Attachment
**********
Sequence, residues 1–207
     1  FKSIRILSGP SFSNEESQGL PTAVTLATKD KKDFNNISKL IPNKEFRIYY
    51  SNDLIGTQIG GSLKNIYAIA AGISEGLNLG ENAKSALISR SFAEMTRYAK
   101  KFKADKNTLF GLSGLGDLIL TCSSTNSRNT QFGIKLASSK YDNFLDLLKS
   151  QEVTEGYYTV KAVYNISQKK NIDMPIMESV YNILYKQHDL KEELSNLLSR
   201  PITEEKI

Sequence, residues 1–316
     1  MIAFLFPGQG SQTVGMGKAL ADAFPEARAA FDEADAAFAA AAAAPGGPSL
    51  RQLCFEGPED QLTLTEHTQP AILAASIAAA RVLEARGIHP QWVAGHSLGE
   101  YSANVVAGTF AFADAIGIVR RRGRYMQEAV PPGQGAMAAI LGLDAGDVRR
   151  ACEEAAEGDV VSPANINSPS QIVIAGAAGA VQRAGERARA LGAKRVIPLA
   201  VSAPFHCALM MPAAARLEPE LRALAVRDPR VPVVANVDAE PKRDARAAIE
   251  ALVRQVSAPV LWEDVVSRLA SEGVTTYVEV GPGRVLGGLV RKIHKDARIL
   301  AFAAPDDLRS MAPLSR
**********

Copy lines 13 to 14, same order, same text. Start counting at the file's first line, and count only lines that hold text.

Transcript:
   251  ALVRQVSAPV LWEDVVSRLA SEGVTTYVEV GPGRVLGGLV RKIHKDARIL
   301  AFAAPDDLRS MAPLSR